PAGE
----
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Call_Me_Jay's avatar

Have you ever seen a bird feeder ignored?

Asked by Call_Me_Jay (12998points) May 27th, 2021
13 responses
“Great Question” (2points)

I hung a suet cage and a finch feeder sock in the yard at my new apartment two months ago.

Nobody ate from it. It was weird. Birds constantly tweet and sing here from dawn to dusk, including cardinals, who can eat from the finch feeder. The guy downstairs throws out popcorn for them every morning and they swarm in to gobble it. But they all ignored my feeder.

Suddenly, five days ago, the sparrows discovered the suet and devoured it in three days.

Have you ever seen a bird feeder that birds did not discover in a few days?

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Answers

Call_Me_Jay's avatar

Update: Oooh, oooh! A house finch couple are on the sock now!

Anyway, I am surprised it took two months. Is that normal?

janbb's avatar

Well, the mail’s been very slow since DeJoy took over. Maybe they just got the message?

Call_Me_Jay's avatar

Normal birds get airmail, Penguin. Much faster than waddle delivery.

chyna's avatar

They prefer the popcorn, maybe.

zenvelo's avatar

There my very well have been something that frightened them away that you are not aware of: a cat in the area, or bird that will attack them but doesn’t eat your feed.

Or, it could be positioned in front of a window and they are frightened by their own reflection.

Yellowdog's avatar

A few things I might add, but nothing significant. You say they ARE starting to find your feeder, right?

They may be eating somewhere else. But they WILL start coming around once they discover the convenience of eating at your feeder, when they are in the area. The reason they gobble up the neighbor’s popcorn is, they probably don’t have another source for that.

Once they DO discover the availability and convenience of your feeder, Then, they will establish a pattern of eating there regularly.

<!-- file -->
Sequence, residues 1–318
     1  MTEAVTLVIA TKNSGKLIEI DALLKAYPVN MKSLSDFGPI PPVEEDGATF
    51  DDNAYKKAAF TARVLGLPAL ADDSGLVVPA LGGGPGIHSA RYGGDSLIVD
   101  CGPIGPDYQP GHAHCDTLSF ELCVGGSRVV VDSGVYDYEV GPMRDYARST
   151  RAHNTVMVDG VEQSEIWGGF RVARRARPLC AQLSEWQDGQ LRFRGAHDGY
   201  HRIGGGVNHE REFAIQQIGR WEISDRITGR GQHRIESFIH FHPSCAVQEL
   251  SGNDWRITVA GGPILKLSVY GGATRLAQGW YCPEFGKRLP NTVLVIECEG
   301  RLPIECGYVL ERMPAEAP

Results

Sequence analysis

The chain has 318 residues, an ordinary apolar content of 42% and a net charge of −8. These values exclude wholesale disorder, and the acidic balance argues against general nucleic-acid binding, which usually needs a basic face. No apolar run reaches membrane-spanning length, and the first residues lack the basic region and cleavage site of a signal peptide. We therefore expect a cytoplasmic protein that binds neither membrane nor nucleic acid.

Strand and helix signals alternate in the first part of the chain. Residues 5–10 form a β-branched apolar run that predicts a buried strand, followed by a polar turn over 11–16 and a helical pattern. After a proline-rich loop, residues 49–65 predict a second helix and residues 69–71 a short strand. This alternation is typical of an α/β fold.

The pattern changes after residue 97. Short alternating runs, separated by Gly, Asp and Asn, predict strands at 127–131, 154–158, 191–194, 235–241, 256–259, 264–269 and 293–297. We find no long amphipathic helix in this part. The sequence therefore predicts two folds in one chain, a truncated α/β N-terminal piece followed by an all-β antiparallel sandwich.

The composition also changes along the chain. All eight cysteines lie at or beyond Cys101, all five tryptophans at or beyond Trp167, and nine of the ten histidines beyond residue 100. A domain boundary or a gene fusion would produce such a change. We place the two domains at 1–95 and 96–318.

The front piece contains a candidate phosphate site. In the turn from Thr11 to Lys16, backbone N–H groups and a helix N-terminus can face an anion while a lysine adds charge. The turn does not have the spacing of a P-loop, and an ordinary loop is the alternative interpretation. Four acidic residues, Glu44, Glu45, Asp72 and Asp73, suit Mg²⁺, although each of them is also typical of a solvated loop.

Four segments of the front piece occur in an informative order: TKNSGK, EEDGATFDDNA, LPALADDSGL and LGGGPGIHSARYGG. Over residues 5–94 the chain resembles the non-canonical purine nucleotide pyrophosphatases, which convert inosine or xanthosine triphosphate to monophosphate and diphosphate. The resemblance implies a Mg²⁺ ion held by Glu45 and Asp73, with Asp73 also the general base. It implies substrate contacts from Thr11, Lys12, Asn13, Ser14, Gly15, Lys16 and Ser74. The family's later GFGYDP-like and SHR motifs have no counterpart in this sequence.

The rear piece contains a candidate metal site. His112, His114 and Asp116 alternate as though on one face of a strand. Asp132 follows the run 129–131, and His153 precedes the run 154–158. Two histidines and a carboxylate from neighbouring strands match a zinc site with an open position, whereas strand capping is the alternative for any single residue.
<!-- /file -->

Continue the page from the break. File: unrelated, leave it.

Also, I have discovered that most birds do not really eat those tiny yellow grass seeds that are often sold as bird seed Go with sunflower seeds. All birds like them. Mixes with nuts and dried fruit smell nice and look pretty to us, but fur the birds, they mainly like sunflower seeds. And throw them on the ground first, the sunflower seeds, near the feeder.

longgone's avatar

It’s taken a couple of months for me, too. Then, as soon as the first bird found it, they all came.

A different time I put out a new feeder after heavy snowfall. That one was discovered almost immediately, even though it was right on the windowsill – too close to the house for them to venture, normally. I guess they were roaming farther because of the lack of ground access.

snowberry's avatar

They mostly ignored the suet we put out last fall. I think I know why. It was probably rancid.

They’ve also ignored our bird feeder with the seeds in it. The article below says you’ll want to buy “Waste free bird seed”, with no milo in it.

https://www.washingtonpost.com/business/2018/07/31/why-many-bird-seed-mixes-are-filled-with-stuff-birds-wont-eat/

smudges's avatar

I grew up in a household that fed wild birds (and squirrels! LOL) and it encouraged my love of nature so, good for you! Here’s an informative, one-page article:

https://www.sweet-seed.com/birding-101/what-you-should-know-about-feeding-suet/#:~:text=Suet%20is%20a%20rich%20source%20of%20fat%20and,the%20long%20migration%20to%20their%20wintering%20grounds.%20

sorry's avatar

I have very responsive birds in my neighbourhood, but if someone else habituated them to feed somewhere before I decided to put out food, sure….. They aren’t going to notice your altruistic offerings and it may hurt your heart. I suggest trying to not put so much emotional investment into the feeding habits of birds in your neighbourhood.

KNOWITALL's avatar

Yes, feeders need to be checked and thoroughly sanitized every two weeks here. All the moisture ruins the feed and even hummingbird feeders get fungus.
Just keep trying!

Call_Me_Jay's avatar

Another update: Yellow finches have found the sock! Just like the red-headed house finches, they seem to travel in couples.

Regarding the feed type, a finch feeder only uses thistle. It has vertical slits that only finches and cardinals and the like can poke their beaks into.

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